On the corner of First Street and The Promenade, right near the Long Beach Transit Center, there is a signpost pointing out the general directions of Long Beach’s Sister Cities and how many miles you’ll have to travel to reach them.
The sign is helpful up to a point, because not many people can tell you what a Sister City is, and fewer still who can name Long Beach’s five female sibling cities. Let’s all say them together: Phnom Penh, Cambodia; Qingdao, China; Sochi, Russia; Yokkaichi, Japan; and Mombasa, Kenya.
Where the Downtown signpost fails in terms of practical utility is in the distance you’ll have to travel to Qingdao: 3,610 miles, the sign maintains. I’ve looked for a shortcut, maybe through the northwest passage or an oceanic wormhole, but the distance to Qingdao from Long Beach always comes up to a little more than 6,300 miles.
In practical terms, if you were to put 3,600 miles worth of fuel into an airliner and pointed the plane toward Qingdao, your trip will end, as World War II dispatches were datelined, “Somewhere in the Pacific,” leaving you bobbing with little more than your life vest, an emergency seat cushion, and a daunting swim/paddle of some 2,700 miles with no break in the boredom other than swimming back and forth over the International Dateline, saying, “It’s tomorrow, now it’s today” before you continue on until you can enjoy the hospitality of Qingdao, the birthplace of Taoism.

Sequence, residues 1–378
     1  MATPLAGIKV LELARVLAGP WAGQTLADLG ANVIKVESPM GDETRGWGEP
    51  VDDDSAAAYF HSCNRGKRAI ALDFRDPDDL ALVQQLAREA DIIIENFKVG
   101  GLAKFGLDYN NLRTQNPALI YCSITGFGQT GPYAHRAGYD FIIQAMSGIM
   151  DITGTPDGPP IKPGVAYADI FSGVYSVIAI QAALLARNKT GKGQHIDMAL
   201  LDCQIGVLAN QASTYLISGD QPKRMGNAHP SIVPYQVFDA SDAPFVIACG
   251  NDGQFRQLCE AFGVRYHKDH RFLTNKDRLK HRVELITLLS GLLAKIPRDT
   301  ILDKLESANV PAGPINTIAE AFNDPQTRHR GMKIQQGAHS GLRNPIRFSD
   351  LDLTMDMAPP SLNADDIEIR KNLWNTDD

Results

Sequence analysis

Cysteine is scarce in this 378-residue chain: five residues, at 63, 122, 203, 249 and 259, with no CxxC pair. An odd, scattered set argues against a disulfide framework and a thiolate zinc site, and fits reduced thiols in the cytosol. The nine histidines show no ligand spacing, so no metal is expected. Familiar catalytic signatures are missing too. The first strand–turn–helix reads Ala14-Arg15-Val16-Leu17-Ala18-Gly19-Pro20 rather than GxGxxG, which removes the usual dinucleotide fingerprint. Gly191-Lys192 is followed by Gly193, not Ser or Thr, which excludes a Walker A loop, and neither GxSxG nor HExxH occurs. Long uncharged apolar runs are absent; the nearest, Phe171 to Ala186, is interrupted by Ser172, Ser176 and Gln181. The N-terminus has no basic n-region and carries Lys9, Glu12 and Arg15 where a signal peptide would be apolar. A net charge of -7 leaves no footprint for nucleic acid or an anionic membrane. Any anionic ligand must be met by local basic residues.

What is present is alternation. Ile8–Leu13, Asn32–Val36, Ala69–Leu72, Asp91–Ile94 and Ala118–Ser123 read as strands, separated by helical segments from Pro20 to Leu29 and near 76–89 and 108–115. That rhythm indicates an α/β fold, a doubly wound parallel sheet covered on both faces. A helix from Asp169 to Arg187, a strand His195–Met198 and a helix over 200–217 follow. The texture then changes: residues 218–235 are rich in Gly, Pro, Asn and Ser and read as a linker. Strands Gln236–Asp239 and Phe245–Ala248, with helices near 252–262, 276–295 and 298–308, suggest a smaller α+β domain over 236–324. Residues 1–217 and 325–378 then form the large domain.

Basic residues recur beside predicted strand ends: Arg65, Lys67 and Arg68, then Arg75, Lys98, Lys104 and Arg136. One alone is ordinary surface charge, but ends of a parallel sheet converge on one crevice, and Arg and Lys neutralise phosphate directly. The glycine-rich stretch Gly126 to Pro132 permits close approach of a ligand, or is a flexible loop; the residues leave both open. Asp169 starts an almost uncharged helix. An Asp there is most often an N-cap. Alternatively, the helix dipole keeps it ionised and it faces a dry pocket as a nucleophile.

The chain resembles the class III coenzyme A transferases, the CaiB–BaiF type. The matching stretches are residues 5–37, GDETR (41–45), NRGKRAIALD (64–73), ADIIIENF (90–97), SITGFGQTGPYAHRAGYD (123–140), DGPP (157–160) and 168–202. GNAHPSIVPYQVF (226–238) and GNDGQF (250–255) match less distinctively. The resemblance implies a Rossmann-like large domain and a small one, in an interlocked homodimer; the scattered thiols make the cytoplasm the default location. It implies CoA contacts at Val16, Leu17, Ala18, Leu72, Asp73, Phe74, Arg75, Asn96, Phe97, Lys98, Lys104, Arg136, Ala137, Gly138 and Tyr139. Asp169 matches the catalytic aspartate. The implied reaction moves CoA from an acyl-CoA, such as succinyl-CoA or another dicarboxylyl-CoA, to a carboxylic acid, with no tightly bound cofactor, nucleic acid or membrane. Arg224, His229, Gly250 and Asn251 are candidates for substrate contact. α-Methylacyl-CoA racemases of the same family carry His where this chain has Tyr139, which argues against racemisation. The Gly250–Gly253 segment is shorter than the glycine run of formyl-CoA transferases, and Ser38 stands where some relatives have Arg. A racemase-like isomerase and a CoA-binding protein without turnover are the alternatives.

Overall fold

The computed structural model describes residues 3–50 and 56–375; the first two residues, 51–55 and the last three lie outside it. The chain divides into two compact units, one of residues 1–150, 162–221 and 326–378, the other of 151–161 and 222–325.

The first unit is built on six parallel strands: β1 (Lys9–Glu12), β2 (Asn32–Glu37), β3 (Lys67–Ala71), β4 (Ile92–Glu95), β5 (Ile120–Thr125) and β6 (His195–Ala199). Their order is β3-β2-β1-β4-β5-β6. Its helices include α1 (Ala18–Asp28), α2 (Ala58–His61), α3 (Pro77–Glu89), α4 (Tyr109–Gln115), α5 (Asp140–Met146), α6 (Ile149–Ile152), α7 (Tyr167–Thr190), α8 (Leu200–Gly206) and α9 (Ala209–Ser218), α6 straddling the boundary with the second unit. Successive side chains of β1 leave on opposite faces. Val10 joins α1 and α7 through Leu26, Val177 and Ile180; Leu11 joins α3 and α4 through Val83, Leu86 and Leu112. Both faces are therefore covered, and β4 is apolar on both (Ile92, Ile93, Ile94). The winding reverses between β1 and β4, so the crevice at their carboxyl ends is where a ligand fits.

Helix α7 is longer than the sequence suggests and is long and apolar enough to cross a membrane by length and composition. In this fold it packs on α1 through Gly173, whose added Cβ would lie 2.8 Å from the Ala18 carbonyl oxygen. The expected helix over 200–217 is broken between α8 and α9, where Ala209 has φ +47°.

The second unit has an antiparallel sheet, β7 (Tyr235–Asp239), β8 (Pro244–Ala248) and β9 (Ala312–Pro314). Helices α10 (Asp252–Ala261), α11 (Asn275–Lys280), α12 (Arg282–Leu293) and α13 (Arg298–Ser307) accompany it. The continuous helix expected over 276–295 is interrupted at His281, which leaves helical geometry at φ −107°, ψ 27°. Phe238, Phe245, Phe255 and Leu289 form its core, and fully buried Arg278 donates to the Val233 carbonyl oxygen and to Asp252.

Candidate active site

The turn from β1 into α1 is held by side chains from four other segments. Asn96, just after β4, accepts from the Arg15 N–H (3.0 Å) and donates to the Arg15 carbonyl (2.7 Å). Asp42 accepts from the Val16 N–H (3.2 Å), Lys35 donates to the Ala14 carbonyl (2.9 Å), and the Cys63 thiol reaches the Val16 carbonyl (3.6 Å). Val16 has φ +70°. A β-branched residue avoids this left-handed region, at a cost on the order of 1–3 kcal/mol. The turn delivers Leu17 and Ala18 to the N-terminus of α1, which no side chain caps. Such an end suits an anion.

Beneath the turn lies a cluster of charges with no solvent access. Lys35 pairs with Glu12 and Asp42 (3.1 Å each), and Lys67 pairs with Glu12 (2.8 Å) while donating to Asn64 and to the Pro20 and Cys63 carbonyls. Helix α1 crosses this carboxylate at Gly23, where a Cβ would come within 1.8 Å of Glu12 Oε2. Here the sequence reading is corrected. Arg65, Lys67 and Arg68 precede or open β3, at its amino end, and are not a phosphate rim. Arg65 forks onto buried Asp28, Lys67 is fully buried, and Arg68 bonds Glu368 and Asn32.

The concept behind the sister city connections is to exchange information and ideas regarding all manner of things, including issues of economic, social, cultural, technological and youth concerns. It’s international networking, if you will, and it’s also a rich opportunity for city leaders and port commissioners (all of our sister cities are port towns) to go on the occasional junket in the inarguable interest of mutual benefit.
Mary E. Barton, president of the Qingdao-Long Beach Sister City Association, said Long Beach’s Public Works Department put the sign up. “It was a surprise,” she said. “It was something we’ve wanted for a very long time, but they just put it up with no advance notice to us and we weren’t involved with its design.”
According to Diko Melkonian, Environmental Services manager, the mistake was made by a contractor who transposed the 6 and the 3, resulting in the short 3,610 miles instead of the correct 6,310. The sign has been corrected.
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